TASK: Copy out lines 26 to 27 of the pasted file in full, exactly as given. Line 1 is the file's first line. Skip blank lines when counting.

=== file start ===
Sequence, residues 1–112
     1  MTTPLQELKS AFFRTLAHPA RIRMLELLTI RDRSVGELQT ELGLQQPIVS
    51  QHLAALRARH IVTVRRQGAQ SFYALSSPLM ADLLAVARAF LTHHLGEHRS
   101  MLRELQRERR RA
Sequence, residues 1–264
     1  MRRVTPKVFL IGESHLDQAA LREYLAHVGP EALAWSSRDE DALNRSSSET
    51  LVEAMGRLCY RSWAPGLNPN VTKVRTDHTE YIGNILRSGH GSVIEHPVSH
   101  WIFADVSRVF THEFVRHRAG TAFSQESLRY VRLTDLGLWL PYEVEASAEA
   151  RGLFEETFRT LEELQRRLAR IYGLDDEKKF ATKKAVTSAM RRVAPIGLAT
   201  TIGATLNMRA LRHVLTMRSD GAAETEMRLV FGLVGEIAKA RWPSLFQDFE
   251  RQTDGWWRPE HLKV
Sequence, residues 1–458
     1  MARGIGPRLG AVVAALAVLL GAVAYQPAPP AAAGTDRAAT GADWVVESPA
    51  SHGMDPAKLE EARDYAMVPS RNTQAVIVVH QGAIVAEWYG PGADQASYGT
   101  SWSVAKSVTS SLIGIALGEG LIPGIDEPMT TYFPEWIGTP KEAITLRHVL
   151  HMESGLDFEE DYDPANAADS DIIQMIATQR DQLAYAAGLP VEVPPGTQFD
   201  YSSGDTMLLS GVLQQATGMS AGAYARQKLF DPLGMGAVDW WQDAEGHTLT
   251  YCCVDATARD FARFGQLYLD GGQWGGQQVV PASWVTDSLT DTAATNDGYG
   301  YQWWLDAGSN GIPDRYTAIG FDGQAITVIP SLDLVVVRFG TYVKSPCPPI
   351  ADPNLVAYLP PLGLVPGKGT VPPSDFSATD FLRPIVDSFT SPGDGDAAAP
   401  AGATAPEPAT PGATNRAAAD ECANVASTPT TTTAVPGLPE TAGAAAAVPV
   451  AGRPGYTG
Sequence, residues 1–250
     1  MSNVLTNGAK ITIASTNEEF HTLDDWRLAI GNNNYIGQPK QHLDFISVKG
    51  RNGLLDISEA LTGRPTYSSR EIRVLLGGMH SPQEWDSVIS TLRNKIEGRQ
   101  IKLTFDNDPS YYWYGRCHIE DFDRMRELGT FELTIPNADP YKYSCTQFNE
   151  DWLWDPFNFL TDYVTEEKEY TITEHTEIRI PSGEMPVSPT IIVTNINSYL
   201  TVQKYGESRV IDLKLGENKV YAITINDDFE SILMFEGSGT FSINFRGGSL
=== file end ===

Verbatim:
   101  IKLTFDNDPS YYWYGRCHIE DFDRMRELGT FELTIPNADP YKYSCTQFNE
   151  DWLWDPFNFL TDYVTEEKEY TITEHTEIRI PSGEMPVSPT IIVTNINSYL